With traders in the Northern hemisphere now entering the summer period, a key question is around market volatility. Will market action in July and August be calmer or will the recent volatility continue?
For gauging the likelihood of a volatile summer ahead, let’s consider:
- Fundamental factors for this summer and how they look set to drive market action
- Technical perspective (MSCI World Index)
It's worth noting that on average stock markets rise every month except February, May and September, including the summer months of July and August, which tend to be among the top months.
In addition, summer months tend to experience lower volatility on average. The following chart shows the standard deviation for the Dow Jones Industrial Average going back to 1896.
So with high average returns and lower average volatility, July and August tend to be good months to stay invested for longer-term positions. For active traders, the lower volatility might be reason enough to have a rest over the summer.
Of course, they are just monthly averages that are helpful but only in combination with looking at the unique situation for current circumstances.
Two of the main drivers of the market volatility we’ve seen over recent months across the FX and equities spaces are inflation and central bank expectations. With inflation soaring globally, central banks have been racing to remove the monetary policy support put in place across the pandemic in a bid to curtail spiralling price pressures. This shift has sparked a broad-based rally in yields which in turn has led equities prices lower, dragging the broader risk complex down with it, while driving currency inflows.
The USD has been the biggest beneficiary of this narrative. The increasingly aggressive tightening action (and outlook) from the Fed has continued to drive USD higher in recent months, with broad-based consequences for markets. June saw the fed hiking rates by 75bps, the largest hike since the early 90’s With monetary tightening sweeping across the G10, even the ECB and SNB have marked an unexpected shift in tone. The ECB shifted out of its commitment to easing in Q2 as it laid the groundwork for the upcoming July rate hike, the first in over a decade. The SNB went one further and front-ran this move with its own 50 bps hike last month.
Given the forward-looking nature of markets, the sudden shift in central bank policy and the outlook was quickly digested and traders soon moved on to anticipating how central banks are likely to act beyond the initial wave of easing. Looking ahead to the summer, there had been speculation over recent months that the peak in inflation over H1 would begin to fizzle out and moderate, allowing the Fed to step back from rate hikes, either pausing temporarily or opting for a slower pace. Had this been the case, the summer might well have proven to be a typically calm one. However, the June US CPI report this week put paid to this notion with US inflation seen hitting forty-year highs at 9.1% last month.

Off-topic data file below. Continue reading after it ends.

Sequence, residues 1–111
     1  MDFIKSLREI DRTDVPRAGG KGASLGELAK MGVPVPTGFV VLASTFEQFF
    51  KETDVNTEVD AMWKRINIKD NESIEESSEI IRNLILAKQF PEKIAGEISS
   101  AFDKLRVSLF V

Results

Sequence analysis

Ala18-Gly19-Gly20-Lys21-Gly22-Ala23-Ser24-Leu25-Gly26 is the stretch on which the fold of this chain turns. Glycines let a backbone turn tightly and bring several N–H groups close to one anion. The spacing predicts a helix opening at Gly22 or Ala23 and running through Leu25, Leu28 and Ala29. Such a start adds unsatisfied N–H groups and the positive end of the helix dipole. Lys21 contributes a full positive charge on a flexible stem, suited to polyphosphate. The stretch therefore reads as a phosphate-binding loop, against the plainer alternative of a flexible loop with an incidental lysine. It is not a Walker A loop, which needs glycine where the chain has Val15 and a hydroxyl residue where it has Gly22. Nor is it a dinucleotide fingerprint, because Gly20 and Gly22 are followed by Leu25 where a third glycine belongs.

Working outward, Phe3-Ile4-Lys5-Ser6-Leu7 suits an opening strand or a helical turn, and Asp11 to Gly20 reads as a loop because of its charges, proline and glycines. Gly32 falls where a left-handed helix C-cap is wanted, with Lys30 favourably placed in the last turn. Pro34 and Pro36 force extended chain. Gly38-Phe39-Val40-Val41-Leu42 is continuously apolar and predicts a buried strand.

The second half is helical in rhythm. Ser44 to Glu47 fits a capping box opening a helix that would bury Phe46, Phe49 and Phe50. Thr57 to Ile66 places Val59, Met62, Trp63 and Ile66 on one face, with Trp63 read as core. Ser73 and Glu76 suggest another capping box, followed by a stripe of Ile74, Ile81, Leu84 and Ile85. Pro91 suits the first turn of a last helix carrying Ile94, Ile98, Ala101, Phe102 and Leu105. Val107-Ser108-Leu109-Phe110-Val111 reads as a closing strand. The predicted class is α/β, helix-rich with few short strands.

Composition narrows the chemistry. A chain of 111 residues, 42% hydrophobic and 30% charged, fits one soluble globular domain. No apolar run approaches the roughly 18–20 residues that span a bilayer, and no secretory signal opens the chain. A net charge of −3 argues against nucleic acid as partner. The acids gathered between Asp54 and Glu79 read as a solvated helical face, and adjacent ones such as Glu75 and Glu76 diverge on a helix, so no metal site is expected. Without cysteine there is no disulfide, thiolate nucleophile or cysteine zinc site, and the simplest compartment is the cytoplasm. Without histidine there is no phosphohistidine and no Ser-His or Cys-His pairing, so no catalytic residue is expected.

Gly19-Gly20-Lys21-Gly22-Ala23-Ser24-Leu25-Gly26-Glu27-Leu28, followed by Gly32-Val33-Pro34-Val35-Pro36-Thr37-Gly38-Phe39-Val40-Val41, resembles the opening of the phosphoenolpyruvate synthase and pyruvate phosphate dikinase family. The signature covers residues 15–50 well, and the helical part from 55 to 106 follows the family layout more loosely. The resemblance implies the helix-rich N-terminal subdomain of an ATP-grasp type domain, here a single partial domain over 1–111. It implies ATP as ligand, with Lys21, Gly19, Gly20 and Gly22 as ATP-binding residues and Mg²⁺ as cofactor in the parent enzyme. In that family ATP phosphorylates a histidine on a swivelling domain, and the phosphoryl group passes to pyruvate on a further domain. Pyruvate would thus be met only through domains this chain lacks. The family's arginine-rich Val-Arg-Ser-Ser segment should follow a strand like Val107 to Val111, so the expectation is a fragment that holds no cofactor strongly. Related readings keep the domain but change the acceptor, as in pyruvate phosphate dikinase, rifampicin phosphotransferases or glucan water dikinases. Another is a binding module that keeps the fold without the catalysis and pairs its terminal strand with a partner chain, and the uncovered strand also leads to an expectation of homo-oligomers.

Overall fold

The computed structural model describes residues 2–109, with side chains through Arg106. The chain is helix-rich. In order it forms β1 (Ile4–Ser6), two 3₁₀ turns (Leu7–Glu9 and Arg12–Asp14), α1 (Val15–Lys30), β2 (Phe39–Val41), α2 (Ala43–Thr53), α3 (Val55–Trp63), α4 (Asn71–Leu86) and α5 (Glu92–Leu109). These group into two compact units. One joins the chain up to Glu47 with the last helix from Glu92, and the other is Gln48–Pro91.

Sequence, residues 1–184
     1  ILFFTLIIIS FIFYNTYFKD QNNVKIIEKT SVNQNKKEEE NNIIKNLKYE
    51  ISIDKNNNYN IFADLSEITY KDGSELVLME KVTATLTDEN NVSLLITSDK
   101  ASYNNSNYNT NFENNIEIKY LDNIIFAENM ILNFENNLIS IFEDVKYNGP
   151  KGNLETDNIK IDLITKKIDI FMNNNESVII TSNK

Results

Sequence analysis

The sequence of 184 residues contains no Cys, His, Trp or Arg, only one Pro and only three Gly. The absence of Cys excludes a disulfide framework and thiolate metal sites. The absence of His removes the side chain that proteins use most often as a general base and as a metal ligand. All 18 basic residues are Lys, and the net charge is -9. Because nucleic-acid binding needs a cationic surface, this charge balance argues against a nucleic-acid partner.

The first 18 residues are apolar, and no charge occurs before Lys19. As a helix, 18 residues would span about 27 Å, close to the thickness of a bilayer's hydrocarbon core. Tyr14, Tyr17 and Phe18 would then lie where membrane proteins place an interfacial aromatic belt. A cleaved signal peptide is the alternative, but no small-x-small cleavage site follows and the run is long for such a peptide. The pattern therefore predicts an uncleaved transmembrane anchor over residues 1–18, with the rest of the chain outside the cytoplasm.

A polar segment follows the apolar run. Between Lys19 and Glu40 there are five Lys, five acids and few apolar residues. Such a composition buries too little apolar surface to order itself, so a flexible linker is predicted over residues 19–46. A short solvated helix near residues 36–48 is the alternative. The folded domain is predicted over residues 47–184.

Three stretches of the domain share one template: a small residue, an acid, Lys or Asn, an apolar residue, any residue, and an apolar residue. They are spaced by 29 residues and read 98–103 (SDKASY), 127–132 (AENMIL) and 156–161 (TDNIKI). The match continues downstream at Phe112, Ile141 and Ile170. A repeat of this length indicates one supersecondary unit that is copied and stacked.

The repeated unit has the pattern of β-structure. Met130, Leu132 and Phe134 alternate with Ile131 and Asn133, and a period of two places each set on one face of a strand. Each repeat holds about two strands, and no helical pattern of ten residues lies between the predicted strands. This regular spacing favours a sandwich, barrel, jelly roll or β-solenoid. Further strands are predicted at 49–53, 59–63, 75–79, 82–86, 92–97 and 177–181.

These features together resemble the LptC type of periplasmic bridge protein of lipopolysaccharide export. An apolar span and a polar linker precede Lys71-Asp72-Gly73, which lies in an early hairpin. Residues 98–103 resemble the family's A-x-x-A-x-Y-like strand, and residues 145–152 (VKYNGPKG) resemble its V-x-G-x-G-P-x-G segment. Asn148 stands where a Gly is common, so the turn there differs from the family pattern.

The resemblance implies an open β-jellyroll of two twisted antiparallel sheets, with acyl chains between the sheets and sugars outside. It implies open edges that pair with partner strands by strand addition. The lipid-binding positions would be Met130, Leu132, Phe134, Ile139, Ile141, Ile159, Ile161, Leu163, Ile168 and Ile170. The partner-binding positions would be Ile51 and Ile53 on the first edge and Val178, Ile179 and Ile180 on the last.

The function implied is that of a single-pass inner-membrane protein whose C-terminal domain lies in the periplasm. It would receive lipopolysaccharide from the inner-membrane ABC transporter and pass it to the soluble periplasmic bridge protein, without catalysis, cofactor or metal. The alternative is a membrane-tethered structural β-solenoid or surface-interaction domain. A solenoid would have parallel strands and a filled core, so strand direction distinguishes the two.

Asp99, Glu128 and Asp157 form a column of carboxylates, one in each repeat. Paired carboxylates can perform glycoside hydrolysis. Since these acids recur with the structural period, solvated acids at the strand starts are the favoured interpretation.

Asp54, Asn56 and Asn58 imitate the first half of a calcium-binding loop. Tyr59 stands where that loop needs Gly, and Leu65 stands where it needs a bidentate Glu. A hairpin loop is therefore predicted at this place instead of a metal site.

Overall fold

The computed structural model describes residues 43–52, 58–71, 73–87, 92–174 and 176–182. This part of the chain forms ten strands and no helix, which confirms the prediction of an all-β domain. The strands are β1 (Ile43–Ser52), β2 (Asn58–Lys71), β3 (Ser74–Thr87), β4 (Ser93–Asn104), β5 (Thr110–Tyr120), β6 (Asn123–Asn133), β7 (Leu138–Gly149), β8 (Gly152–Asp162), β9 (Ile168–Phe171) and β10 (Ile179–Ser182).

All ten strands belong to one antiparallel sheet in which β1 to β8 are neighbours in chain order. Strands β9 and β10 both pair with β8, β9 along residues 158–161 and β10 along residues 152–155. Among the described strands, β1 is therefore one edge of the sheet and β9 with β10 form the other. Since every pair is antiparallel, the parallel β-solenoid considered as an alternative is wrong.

Traders are now looking for the Fed to hike rates by an even larger 1% in July, double the expectation just a month ago. Additionally, pricing for September has now risen also with the market pricing In at least a further 50bps of tightening. With inflation showing no signs of slowing down and the pressure growing on the Fed, the summer looks likely to see a great deal more volatility across asset classes as traders react to the shifting monetary environment.
Along with inflation and central bank tightening, there are other factors threatening market stability this summer.
The ongoing Russia/Ukraine conflict is having a widespread impact on the global economy, exacerbating supply-side issues and driving up energy prices, both contributing to higher inflation. The disruption caused by the conflict itself as well as the subsequent sanctions applied against Russia by the West. With the conflict showing no signs of slowing down and Ukraine launching fresh efforts to re-capture Russian held territories, the near-term risks from the situation remain elevated meaning that further market volatility is likely in the coming months.
One of the major themes of this year’s market volatility has been the collapse of crypto. With leading coins such as Bitcoin and Ethereum plunging in value this year, not to mention the hundreds of alt-coins, the crypto space has been decimated this year and along with the, the raft of institutional investment which poured in over last year. A number of funds have suffered big losses along with the vast range of private traders. With inflation still tearing away and central banks hiking rates at an increasing pace, the prospect of further losses in this space is very real.
MSCI World Index
Source: FlowBank / TradingView
Following the broad-based sell-off over 2022, the index has recently settled into a holding pattern within the bear channel from YTD highs. Given the downtrend, the focus is on an eventual downside break of the 379.0 level, opening the way for a move down to the 338.0 level next. However, should we see any surprise shift in narrative, provoking an unexpected market reaction, a topside break of 449.0 will turn attention to the 521.50 level next.
Ultimately, the summer looks likely to be the period where the global economy comes much closer to facing the reality of the widespread slowdown which many are forecasting over the remainder of the year. With risk assets likely to come under greater pressure and the US Dollar continuing higher, the fallout across markets will be palpable, raising the risks of further market volatility in the coming months.